‘We believe in inclusive church – church which does not discriminate, on any level, on grounds of economic power, gender, mental health, physical ability, race or sexuality. We believe in Church which welcomes and serves people in the name of Jesus Christ; which is scripturally faithful, which seeks to proclaim the gospel afresh for each generation, and in the power of the Holy Spirit, allows all people to grasp how wide and deep is the love of God.’

Other Churches, and there are over 150 of them, whose theology of hospitality and inclusivity has led them to join Inclusive Church include St. Alban’s Cathedral, Ripon Cathedral, St Martin-in-the-Fields, St. Mary the Virgin (the University Church) Oxford and, St. Michael’s Amersham. We will be in good company, as a Church which stresses that ‘all, yes all, really are welcome in this place.’


So if your spirit of generous and inclusive welcome was my first reason for, as it were, taking the job, the second was your tradition. I am very comfortable with our styles and patterns of worship. I enjoy both traditional and contemporary forms of authentically Church of England worship. This Church, I strongly believe, is a place where the way we worship is intrinsically linked to our mission. And, we need to build on our worship traditions. We will do so in two ways. First, we will build on our commitment to BCP worship by joining the Prayer Book Society, purchasing new Prayer Books and, on fifth Sundays offering Choral Matins, instead of a Sung Eucharist. We will continue to celebrate BCP Holy Communion on the first and third Sundays of every month and Evensong on the second Sunday. On the fourth Wednesday of every month the midday Communion will be from the Book of Common Prayer. This means that there will be a BCP service in this Church every week of the month. Our worship in Advent and Lent will also include Compline and Prime. These enhancements will come into effect from January next year.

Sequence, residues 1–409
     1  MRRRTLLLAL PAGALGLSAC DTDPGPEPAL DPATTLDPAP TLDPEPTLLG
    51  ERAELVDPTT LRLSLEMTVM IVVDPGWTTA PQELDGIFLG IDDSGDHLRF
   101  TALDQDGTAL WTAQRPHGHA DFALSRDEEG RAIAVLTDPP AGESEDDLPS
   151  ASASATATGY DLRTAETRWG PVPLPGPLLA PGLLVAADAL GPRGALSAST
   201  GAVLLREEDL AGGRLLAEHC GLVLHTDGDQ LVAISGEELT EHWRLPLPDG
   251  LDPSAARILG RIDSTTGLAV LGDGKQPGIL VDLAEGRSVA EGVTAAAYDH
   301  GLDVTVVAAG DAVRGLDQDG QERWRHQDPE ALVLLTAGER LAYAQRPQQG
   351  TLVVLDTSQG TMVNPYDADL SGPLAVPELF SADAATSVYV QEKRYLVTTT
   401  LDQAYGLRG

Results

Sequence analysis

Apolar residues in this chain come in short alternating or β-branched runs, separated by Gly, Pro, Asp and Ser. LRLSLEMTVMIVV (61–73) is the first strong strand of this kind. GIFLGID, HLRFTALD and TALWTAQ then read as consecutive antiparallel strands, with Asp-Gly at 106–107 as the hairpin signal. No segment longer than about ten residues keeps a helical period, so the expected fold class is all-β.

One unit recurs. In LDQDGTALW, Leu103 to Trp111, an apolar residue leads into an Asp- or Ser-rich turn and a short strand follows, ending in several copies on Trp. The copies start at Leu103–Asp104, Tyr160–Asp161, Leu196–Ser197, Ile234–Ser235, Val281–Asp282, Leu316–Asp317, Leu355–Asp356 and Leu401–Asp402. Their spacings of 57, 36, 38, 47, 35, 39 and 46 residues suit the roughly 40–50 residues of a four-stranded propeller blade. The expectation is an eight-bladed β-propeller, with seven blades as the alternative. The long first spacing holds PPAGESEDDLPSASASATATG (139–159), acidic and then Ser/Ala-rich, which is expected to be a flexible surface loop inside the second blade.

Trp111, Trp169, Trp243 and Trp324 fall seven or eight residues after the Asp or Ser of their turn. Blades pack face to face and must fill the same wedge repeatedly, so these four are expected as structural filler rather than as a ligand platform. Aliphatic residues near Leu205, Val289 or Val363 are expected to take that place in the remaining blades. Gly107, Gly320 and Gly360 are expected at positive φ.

We will also be offering a different form of Communion service called Come and Share All Age Eucharist on the third Sunday of every month - replacing the existing All Age Eucharist. This service has already been used in the Benefice and will be less formal that the current All Age Service. The new service will last about 35 minutes and will be followed by breakfast.

The PCC have also made the decision to admit children to Holy Communion, following preparation, from the age of seven. This will bring us in line with other denominations and recognises the Bishops guidance that baptism is the only necessary pre-requisite for communion and that ‘Jesus’ acceptance of children was clear.’ Recognising the ecumenical dimension - and Jesus won unconditional inclusion of children - the Canons of the Church of England were amended in 2006 so that children could be offered, as full members of the Church, the sacrament of the Eucharist.


The decisions we have taken, which have also been discussed at length with Bishop Alan, will stand this Church in good stead: our worship will be enhanced and, our mission extended.

We will become even more widely known as a Church committed to celebrating the deep and enduring traditions of the Church of England with freshness, relevance and joy. We will also become known as a congregation committed to offering the love of God to everyone, without exception, just as you did to me, based on a theology which insists that each and every person is made in the image of God. Amen.


Rev. Andrew Lightbown